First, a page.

Co-working community looking to take root in Encinitas


When Jenelle Zingg started working from home after being laid off a few years ago, she quickly realized telecommuting wasn’t for her.

“I found myself going crazy looking at the houseplants, looking at my dog, looking at the dishes,” said Zingg, a Cardiff resident. “Everything was a distraction. I needed people. I’m a people person.”

That’s when Zingg discovered co-working — shared spaces where entrepreneurs, freelancers and other independent workers pay a fee to share a workspace and benefit from working in each other’s presence.

“I decided I was done being vulnerable to the market,” said Zingg, who is program director of Del Mar Community Connections. “I wanted to be able to follow my own passion, which is people and community.”

Zingg had always been around others. She grew up running a bed-and-breakfast with her mother and sister in Wisconsin.

“We got to meet people from all over the world,” she recalled. “Now I kind of thrive on it. I love meeting new people.”

With a goal of eventually establishing a co-working community, Zingg created a Meetup Group called The Collectiv Encinitas two years ago. Until now, the group has been meeting at various places to talk about social media, marketing and other business-related topics.

“Everybody comes together to lift each other up, to provide encouragement and shared resources,” she said.

With a core group in place and a following of 120 people, Zingg is set to open a co-working community in coastal Encinitas at the start of the New Year. Although a location has yet to be announced, The Collectiv Encinitas will be a place where independent professionals can collaborate, connect and build a community.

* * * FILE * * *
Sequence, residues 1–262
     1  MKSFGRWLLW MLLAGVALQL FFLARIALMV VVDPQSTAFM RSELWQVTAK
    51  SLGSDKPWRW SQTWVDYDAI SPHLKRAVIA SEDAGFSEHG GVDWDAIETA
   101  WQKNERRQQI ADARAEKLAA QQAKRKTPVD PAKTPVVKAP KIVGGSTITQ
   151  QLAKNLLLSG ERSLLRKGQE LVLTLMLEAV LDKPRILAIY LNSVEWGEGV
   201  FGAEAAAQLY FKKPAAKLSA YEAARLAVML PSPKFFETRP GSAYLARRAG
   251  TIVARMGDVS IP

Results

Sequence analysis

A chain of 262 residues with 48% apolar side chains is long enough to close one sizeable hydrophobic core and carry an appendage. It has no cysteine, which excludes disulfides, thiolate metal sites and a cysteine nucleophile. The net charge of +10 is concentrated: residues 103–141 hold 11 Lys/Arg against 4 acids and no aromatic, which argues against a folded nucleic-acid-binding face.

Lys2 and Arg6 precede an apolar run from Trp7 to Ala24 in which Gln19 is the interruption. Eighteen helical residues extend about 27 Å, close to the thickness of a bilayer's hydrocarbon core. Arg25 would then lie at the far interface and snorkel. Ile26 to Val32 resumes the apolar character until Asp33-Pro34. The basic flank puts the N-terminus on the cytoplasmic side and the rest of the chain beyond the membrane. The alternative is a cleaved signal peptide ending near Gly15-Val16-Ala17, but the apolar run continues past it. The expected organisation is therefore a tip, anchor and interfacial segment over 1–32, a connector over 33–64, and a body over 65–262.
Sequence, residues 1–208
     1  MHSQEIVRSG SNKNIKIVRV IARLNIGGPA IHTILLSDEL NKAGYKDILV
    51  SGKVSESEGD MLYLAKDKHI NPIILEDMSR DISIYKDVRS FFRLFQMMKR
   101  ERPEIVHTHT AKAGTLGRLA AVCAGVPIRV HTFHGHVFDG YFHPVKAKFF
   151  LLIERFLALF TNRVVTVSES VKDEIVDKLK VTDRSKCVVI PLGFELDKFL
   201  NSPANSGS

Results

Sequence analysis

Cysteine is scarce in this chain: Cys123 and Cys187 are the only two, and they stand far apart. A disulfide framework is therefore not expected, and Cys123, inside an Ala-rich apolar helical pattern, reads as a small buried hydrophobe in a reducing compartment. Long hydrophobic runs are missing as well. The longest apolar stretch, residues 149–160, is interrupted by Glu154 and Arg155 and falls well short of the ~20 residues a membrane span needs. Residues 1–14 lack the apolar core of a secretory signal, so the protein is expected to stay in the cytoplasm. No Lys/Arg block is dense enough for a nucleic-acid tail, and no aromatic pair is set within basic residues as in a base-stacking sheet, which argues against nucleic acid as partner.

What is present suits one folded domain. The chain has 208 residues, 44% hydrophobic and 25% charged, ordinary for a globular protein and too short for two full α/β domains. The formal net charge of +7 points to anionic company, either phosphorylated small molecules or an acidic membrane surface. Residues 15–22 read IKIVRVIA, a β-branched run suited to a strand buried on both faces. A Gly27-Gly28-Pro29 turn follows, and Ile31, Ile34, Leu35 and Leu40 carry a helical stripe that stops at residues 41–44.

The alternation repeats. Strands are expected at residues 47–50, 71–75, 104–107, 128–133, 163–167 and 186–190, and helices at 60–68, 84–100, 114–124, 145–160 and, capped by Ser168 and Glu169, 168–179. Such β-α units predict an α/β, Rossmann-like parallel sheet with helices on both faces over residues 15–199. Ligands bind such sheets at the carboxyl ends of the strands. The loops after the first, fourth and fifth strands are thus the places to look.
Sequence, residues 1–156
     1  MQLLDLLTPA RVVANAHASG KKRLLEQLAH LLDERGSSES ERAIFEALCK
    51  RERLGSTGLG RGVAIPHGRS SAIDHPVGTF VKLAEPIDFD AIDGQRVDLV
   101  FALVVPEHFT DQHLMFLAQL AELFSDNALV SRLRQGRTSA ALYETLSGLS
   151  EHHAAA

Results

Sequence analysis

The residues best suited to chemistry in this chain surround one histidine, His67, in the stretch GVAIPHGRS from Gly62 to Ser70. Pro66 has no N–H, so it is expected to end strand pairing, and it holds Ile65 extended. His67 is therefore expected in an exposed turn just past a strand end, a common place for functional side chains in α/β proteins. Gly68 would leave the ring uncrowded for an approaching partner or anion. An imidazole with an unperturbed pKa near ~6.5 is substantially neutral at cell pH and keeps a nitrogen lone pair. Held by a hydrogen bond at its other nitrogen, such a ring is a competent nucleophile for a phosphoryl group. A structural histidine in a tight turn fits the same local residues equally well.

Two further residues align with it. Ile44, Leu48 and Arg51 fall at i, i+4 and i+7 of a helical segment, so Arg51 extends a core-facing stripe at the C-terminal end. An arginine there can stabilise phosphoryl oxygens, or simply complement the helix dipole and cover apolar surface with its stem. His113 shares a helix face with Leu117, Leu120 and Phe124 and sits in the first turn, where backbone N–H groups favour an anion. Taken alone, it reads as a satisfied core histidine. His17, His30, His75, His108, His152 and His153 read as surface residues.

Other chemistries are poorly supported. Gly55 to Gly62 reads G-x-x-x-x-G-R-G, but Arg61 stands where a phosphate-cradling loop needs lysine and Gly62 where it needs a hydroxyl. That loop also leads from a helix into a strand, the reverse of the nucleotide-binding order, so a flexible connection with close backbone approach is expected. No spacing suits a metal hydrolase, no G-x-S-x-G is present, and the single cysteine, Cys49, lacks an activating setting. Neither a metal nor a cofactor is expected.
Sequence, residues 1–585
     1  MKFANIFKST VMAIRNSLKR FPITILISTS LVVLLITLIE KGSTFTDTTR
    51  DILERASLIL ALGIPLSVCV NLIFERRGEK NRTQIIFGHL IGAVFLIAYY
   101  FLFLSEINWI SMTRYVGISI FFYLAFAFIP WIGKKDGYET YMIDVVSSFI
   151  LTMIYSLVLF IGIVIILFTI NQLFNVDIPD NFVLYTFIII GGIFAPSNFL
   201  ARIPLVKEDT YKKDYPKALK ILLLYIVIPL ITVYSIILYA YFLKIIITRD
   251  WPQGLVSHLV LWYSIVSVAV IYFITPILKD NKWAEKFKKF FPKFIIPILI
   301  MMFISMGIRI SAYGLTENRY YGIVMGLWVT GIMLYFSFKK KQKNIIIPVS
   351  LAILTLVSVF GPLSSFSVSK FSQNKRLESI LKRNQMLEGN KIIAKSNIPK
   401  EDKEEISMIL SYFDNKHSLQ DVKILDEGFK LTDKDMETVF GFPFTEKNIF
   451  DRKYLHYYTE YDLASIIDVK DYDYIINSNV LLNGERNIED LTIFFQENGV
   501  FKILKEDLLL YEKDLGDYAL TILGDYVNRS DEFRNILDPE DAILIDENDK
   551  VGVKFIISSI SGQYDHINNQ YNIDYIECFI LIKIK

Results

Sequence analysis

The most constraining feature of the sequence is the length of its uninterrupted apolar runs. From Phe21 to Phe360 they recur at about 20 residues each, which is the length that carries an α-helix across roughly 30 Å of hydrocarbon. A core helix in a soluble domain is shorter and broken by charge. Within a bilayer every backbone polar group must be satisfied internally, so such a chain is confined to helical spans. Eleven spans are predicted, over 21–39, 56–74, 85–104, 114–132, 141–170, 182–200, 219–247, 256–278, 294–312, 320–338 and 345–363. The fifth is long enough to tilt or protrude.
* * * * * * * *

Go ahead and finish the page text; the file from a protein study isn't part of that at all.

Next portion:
“The idea is that those conversations that happen over the water cooler or around the coffee machine are key,” Zingg explained. “I’ve talked to people who have actually been at a co-working community together, working on their own projects, and ended up starting businesses together. The sky’s the limit.”

Co-working spaces are popping up across the country and around the world.

In fact, more than 160,000 people worldwide are members of more than 3,000 co-working spaces, according to a recent report by and Emergent Research, which is up from just 20,000 workers in 500 spaces in 2010.

“People who are working independently are doing so for a reason,” Zingg said. “They want a certain lifestyle. They want flexibility in their schedule. It really is about a work-life balance.

“But just because people work independently doesn’t mean they need to work alone.”

Zingg is looking at spaces that range between 2,000 and 5,000 square feet just west or east of Interstate 5 in Encinitas. She is also recruiting members, with memberships ranging from $40-$400, depending on the level of access and amenities.

“I’m a natural connector. When I meet people, I want to introduce them to other people,” Zingg said. “So at 37, I feel like I finally know what I want to be when I grow up. It’s awesome.”

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